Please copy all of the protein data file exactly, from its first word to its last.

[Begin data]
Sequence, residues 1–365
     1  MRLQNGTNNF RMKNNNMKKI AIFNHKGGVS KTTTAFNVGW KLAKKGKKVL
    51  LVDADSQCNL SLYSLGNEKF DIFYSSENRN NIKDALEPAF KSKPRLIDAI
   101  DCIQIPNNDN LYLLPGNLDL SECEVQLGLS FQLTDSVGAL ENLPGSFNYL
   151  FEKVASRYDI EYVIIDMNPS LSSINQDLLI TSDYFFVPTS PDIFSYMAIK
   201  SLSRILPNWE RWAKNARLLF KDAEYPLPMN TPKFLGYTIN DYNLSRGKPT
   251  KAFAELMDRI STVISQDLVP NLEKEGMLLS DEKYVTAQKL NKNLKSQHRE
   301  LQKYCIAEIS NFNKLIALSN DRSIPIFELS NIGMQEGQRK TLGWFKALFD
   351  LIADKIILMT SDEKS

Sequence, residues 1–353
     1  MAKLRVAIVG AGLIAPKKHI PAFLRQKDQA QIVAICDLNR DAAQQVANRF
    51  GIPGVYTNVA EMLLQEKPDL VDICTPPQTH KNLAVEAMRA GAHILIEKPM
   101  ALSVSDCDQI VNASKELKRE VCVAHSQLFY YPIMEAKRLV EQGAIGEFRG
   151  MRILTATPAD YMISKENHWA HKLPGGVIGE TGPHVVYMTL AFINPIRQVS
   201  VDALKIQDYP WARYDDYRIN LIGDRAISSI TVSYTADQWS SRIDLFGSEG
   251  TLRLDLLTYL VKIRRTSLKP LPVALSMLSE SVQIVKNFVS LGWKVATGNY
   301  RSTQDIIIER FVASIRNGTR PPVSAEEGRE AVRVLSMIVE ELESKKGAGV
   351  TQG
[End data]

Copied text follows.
Sequence, residues 1–365
     1  MRLQNGTNNF RMKNNNMKKI AIFNHKGGVS KTTTAFNVGW KLAKKGKKVL
    51  LVDADSQCNL SLYSLGNEKF DIFYSSENRN NIKDALEPAF KSKPRLIDAI
   101  DCIQIPNNDN LYLLPGNLDL SECEVQLGLS FQLTDSVGAL ENLPGSFNYL
   151  FEKVASRYDI EYVIIDMNPS LSSINQDLLI TSDYFFVPTS PDIFSYMAIK
   201  SLSRILPNWE RWAKNARLLF KDAEYPLPMN TPKFLGYTIN DYNLSRGKPT
   251  KAFAELMDRI STVISQDLVP NLEKEGMLLS DEKYVTAQKL NKNLKSQHRE
   301  LQKYCIAEIS NFNKLIALSN DRSIPIFELS NIGMQEGQRK TLGWFKALFD
   351  LIADKIILMT SDEKS

Sequence, residues 1–353
     1  MAKLRVAIVG AGLIAPKKHI PAFLRQKDQA QIVAICDLNR DAAQQVANRF
    51  GIPGVYTNVA EMLLQEKPDL VDICTPPQTH KNLAVEAMRA GAHILIEKPM
   101  ALSVSDCDQI VNASKELKRE VCVAHSQLFY YPIMEAKRLV EQGAIGEFRG
   151  MRILTATPAD YMISKENHWA HKLPGGVIGE TGPHVVYMTL AFINPIRQVS
   201  VDALKIQDYP WARYDDYRIN LIGDRAISSI TVSYTADQWS SRIDLFGSEG
   251  TLRLDLLTYL VKIRRTSLKP LPVALSMLSE SVQIVKNFVS LGWKVATGNY
   301  RSTQDIIIER FVASIRNGTR PPVSAEEGRE AVRVLSMIVE ELESKKGAGV
   351  TQG